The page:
This morning we had a leisurely start and filled up with water at thetwo fast taps outside the Canal Cottage which seems to be taking an age to renovate but is now starting to look quite good.
We filled up with diesel at Lyons Boatyard and had a pump out having to queue to get served as there was a boat already on the service point. Diesel was 96p/ltr. self declare and the pump out was £15. We tried to moor opposite the boatyard whilst we waited for Autumn Years to be serviced but the canal was too shallow to get into the bank. So we gently motored on through the Brandwood Tunnel and waited at the junction for the to catch us up.
To reach the Junction with the Birmingham Worcester Canal it is necessary to go through the King’s Norton Stop Lock which is unusual in having two wooden guillotine gates at either end. It was recently restored but has already been vandalised which is a great pity and reflects badly on the area it is in.
The junction is quite wide and the signpost gives the distances to Worcester, Birmingham, Stratford, and Warwick, all requiring a lot of locking.
On the wall of the old Toll House opposite the Junction is a list of Mileages and Tolls to be paid per mile, eg Lime was 1/2d per mile per Ton.
The next stretch of canal is blighted by the graffiti artists work along great lengths of wall, but there are some lovely areas such as this winding hole and Bournville Garden Village and Cadbury’s Factory.
What a place to sit whilst on the phone, it looks as though Carolann is doing something else.
At Selly Oak is the filled in entrance to the old Lapal or Dudley No.2 Canal. The Restoration Group are having a few problems with Sainsbury’s who are developing the Battery Park site and seem reluctant to make suitable provision for the canal to be restored through the area.
Soon the Old and new buildings of the Queen Elizabeth Hospital come into view. This is famous for treating our wounded soldiers returning from Iraq and Afghanistan and has a wonderful reputation as a hospital.
Almost opposite is the campus of Birmingham University with it famous Clock Tower and moored outside is Nb Ross Barlow. This is a unique boat in that it is Hydrogen powered.
The railway line follows the canal to the Edgbaston Tunnel where the two separate to reach the city centre. It is quite a busy line with expresses and commuter trains whizzing by.
On route we passed the C&RT Dredger fishing out all sorts of materials including bicycles and shopping trolleys and the even lamp posts. On the other hand we passed Nb Vistoria with a party enjoying the sunshine and a picnic lunch on board.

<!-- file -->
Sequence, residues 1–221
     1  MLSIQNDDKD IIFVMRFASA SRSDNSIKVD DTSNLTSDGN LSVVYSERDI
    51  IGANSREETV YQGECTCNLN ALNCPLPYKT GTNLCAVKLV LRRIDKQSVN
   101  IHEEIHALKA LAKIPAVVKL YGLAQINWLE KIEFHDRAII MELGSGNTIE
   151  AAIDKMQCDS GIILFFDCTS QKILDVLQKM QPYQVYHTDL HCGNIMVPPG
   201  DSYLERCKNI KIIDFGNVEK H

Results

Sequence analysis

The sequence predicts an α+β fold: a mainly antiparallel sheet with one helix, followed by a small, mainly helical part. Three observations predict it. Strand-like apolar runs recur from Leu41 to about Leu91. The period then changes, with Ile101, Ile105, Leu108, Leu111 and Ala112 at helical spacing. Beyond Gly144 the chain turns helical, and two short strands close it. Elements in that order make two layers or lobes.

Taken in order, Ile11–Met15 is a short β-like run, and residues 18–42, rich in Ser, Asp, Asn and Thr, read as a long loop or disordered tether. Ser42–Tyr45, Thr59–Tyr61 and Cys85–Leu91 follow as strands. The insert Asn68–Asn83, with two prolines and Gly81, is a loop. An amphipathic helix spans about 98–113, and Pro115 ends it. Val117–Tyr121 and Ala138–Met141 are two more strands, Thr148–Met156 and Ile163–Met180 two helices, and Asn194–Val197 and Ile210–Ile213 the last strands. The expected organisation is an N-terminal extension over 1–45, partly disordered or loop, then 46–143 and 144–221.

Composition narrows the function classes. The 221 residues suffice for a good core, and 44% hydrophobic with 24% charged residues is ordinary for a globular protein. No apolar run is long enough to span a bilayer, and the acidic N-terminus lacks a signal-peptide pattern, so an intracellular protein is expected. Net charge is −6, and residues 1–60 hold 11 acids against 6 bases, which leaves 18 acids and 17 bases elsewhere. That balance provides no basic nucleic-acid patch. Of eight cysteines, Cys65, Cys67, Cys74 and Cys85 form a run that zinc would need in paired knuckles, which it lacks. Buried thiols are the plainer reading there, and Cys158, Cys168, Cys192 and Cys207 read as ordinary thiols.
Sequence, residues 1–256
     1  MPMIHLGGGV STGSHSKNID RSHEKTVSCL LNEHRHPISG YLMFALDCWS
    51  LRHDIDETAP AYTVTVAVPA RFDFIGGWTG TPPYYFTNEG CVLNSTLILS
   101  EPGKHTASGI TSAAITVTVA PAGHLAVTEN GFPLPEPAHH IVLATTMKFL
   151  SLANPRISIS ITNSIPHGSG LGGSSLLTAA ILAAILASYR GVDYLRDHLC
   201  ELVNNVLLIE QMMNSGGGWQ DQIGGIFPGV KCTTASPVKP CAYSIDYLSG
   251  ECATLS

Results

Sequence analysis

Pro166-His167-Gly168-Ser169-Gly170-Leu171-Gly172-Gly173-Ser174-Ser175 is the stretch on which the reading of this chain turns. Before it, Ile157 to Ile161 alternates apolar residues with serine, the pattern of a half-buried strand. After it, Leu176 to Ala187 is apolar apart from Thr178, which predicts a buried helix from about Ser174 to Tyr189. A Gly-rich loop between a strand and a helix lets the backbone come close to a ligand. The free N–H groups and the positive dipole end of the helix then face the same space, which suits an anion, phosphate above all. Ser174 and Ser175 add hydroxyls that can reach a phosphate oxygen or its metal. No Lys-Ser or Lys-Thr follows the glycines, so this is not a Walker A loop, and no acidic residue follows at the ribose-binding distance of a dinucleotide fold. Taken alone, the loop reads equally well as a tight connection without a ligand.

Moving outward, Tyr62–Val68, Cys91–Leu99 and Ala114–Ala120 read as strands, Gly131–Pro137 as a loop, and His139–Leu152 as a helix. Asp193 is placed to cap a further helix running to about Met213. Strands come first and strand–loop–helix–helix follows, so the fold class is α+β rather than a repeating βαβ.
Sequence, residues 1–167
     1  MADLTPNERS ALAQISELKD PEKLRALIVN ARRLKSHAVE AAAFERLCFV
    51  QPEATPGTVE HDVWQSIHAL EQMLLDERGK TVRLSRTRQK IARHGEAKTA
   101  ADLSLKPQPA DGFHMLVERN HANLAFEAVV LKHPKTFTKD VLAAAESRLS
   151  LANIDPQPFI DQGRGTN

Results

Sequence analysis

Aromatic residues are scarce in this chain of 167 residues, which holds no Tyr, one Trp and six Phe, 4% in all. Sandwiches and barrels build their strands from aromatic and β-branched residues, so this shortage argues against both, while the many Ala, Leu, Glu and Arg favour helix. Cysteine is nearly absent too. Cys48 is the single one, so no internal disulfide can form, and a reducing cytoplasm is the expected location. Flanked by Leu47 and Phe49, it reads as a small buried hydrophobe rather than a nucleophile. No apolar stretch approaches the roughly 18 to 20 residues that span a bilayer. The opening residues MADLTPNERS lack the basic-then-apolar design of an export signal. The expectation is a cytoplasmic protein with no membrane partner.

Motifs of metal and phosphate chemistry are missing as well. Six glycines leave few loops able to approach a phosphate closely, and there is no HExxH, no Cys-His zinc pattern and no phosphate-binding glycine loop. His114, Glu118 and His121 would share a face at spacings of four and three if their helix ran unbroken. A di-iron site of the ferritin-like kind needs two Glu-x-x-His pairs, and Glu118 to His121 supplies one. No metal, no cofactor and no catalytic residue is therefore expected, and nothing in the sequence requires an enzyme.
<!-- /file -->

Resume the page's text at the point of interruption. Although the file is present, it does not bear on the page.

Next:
Soon the well known land mark of the Post Office Tower (or BT Tower as they like to call) it came into view followed by the Cube and Mailbox before we turned sharp left into Gas Street basin and another Stop Lock which divided the BCN from the Birmingham and Worcester Canal
To get out of Gas Street the canal goes under Broad Street which now with Brindley Place is the hub of Birmingham’s night life. The Symphony Hall is on the right and ahead lies the NIA which appears to under going some major structural changes.
A Floating market is due to take place on Saturday and Sunday and much of the Oozell Loop and the Main Line had notices stating that the Trading boats would be arriving tomorrow and therefore we would be restricted to only one nights mooring. In fairness the Organiser was very helpful and said we would be able to breast up with any of the trading boats if we wished to stay longer.
We moored up on the main line for the night and went off to explore Birmingham’s new Library and Repertory Theatre. I was a bit sceptical at the city spending some £189m on the project but having made the visit I think it will be a major tourist attraction for the city as well as providing it with a superb library embracing both hard copy and digital media. Here are some views of the library and views of the city from its two viewing level gardens. Our boats could clearly be seen on the main line as well as those moored in Cambrian Wharf.
Some more views of the below ground Amphitheatre, the roof top gardens with herbs and fruit trees growing as well as the golden statues of famous city fathers Bolton, Watt, and Murdoch.
In the Golden Cylinder on the top of the Library is housed the Shakespeare Memorial Room which was created in 1882 as a Shakespeare Library and was saved when the old library was demolished in 1979. It has been rebuilt like a giant jigsaw and is a delightful place to visit. Down in the Amphitheatre are some fabulous acoustic chairs which we could not resist trying out. They certainly work and will enable people to read quietly whilst enjoying the sun which streams into this sunken area.
After our visit we had a coffee in the cafe on the ground floor and like the rest of the Library is designed on an eco friendly basis. They even have wooden spoons as they don’t have to waste energy on putting through a dish washer and they are resourced from renewable sources.
On our way back to the boats we walked by Cambrian Wharf and noticed that there were 2 spaces still available. A quick chat to one of the residents confirmed this and we were off to fetch the boats and moor up in the wharf where we could remain for up to 14 days, so we would not have to move again until we wished to leave Birmingham.